Personal pension returns have dropped by half over the past six years, reveals Investment, Life & Pe...
Personal pension returns have dropped by half over the past six years, reveals Investment, Life & Pensions Moneyfacts in their latest pension survey.
A person retiring today would, according to the survey, only receive 51% of what a person, who would have saved exactly the same amount and during the same period of time, would have obtained six years ago.
A 65 year old man retiring in January 1997 would, after have been making contribution to a personal pension for 15 years, have had on average a total of £24,617 in his with profits pension fund or have a unit-linked fund worth £19,195.
However, the very same man retiring today, six years later, would only receive £16,514 or £9,867 respectively.
This is a 33% drop in the average with profits pension value and a 49% drop in the average unit-linked pension.
Even by choosing the best performing maturity values and a longer investment, the decrease becomes obvious, says Investment, Life & Pensions Moneyfacts.
In January 1997, the best maturity value for a with profits pension over 25 years was attained by Scottish Widows at £151,616, compared to today's highest return from Wesleyan Assurance at £114,982.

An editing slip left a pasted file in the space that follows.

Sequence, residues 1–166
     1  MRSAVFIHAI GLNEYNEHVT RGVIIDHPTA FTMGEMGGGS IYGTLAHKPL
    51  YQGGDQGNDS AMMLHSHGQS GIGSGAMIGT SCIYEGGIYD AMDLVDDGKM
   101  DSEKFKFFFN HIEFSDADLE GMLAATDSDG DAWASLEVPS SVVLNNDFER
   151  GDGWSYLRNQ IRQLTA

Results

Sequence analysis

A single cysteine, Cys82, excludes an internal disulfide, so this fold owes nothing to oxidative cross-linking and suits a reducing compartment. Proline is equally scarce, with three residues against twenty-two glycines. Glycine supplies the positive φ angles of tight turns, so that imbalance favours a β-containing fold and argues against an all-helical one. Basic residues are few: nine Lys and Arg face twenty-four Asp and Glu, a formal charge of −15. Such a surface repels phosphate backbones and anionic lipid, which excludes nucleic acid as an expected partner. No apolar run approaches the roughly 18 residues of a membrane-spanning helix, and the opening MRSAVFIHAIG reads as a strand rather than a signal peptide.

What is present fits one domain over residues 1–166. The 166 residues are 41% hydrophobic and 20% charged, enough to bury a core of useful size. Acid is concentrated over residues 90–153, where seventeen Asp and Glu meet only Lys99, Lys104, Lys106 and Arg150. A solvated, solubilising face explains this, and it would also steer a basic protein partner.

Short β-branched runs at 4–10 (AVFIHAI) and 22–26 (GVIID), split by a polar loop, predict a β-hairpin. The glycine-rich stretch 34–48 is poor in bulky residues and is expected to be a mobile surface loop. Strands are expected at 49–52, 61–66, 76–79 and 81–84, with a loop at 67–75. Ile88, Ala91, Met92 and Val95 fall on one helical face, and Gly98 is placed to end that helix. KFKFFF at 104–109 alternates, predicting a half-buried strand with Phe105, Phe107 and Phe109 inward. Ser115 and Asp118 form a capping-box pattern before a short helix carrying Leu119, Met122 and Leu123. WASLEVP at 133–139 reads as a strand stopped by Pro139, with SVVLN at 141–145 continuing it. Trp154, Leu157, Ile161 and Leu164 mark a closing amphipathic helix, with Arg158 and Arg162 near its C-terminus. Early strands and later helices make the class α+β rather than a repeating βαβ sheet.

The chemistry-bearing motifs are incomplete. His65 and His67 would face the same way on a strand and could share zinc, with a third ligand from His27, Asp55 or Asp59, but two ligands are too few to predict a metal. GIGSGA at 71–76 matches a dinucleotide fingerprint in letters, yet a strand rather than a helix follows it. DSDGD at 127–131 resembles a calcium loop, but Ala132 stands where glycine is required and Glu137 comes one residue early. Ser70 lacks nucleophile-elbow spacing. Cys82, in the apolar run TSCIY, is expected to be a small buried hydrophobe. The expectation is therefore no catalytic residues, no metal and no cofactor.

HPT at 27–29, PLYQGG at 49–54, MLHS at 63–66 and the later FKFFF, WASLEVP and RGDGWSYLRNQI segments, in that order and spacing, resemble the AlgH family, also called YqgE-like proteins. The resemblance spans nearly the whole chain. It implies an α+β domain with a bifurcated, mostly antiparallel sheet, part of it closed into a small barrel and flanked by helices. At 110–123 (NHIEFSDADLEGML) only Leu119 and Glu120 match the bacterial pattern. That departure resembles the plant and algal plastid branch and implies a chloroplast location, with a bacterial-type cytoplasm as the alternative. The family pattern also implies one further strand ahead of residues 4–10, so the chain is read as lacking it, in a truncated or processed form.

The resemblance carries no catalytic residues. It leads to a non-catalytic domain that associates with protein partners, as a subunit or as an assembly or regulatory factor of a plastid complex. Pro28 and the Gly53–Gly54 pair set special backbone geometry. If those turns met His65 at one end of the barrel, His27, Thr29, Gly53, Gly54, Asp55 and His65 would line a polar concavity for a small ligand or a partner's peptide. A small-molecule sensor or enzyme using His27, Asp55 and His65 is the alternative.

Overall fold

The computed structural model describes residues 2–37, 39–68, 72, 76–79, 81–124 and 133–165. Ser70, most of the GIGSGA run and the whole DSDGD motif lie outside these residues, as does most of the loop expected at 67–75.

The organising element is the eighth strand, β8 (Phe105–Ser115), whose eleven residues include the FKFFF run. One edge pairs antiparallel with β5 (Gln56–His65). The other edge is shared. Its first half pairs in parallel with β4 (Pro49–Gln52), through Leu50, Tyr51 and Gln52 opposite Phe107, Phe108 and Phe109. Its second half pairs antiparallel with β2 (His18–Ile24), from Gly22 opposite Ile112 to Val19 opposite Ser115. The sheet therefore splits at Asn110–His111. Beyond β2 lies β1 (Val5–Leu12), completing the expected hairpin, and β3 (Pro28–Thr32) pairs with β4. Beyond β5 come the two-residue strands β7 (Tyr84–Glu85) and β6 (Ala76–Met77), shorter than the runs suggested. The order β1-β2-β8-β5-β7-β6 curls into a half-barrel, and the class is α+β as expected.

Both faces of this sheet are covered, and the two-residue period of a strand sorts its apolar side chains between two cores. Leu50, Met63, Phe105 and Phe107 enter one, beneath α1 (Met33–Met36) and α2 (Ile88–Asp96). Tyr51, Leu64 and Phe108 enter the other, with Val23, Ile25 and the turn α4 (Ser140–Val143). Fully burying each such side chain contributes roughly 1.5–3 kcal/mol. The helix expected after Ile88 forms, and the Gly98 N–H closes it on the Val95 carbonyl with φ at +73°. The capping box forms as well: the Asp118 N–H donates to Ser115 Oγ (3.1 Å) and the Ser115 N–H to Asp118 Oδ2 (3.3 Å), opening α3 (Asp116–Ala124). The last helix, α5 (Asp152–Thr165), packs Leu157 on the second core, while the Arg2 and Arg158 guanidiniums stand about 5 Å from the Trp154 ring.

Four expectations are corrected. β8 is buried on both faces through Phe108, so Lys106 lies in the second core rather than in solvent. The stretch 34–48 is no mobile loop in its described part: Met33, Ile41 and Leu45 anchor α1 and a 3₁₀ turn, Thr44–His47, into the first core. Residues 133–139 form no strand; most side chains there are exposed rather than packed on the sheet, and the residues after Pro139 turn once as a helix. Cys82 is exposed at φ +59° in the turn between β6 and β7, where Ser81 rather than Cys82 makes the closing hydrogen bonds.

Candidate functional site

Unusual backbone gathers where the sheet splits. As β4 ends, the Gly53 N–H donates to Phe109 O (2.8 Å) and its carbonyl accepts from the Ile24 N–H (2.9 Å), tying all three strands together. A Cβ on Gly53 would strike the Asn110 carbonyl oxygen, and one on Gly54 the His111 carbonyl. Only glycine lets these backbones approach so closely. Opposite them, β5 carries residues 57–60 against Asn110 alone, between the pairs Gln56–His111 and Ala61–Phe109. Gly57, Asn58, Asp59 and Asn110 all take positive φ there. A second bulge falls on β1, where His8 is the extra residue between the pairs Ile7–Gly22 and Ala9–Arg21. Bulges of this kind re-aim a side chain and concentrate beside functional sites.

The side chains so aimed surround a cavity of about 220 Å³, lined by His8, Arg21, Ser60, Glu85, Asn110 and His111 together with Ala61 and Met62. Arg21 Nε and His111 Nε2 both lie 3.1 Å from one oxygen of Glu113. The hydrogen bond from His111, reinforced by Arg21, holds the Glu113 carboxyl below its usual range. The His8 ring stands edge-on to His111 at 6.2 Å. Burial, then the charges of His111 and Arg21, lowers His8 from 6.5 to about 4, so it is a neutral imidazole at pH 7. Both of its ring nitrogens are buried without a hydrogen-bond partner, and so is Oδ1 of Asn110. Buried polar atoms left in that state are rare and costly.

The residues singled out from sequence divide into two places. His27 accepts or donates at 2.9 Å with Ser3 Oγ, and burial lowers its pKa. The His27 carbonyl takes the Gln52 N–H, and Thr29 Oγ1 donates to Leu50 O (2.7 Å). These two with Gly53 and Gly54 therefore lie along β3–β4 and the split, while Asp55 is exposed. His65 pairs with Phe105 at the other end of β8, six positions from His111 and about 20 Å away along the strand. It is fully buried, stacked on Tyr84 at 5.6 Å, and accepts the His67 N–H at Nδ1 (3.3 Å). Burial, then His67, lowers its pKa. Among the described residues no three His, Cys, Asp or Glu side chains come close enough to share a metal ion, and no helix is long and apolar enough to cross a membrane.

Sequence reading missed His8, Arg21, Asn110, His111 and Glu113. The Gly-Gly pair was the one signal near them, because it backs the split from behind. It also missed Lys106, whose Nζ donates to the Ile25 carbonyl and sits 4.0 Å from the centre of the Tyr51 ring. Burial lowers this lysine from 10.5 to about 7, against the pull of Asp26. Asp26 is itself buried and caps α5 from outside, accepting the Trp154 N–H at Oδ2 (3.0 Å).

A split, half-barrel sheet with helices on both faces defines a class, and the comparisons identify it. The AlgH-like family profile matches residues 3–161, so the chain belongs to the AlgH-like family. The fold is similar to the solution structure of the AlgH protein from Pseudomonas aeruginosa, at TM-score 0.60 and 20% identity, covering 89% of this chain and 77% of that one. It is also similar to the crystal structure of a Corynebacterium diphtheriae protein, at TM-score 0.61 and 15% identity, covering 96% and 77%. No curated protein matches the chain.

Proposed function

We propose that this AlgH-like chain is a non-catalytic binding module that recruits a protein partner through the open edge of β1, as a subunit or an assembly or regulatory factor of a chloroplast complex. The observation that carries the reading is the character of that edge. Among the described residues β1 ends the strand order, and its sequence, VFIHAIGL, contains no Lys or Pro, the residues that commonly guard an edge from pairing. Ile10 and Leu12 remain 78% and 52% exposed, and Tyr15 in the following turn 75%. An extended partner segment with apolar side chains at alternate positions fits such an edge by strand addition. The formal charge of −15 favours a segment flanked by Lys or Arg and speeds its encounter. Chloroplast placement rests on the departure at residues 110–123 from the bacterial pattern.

Decreasing annuity prices have further intensified the problem, adds Investment, Life & Pensions Moneyfacts.
A pension fund of £100,000 that would, six years ago, have bought a man aged 65 an annual annuity of £11,020 if choosing the best standard annuity rate, would today only produce a yearly income of £7,280, a total drop of 32%.
"It is clear that advisers and clients need quickly to realise the severity of the current pension climate and act accordingly," says Richard Eagling, editor of Investment, Life & Pensions Moneyfacts.
"Private pension provision is still being neglected, and with pension performance struggling there is real danger that tomorrow's pensioners will end up in poverty," he adds.
963 IFAs surveyed
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Industry Voice: For generations, life expectancy has been steadily increasing, with more and more people now likely to live to 100.
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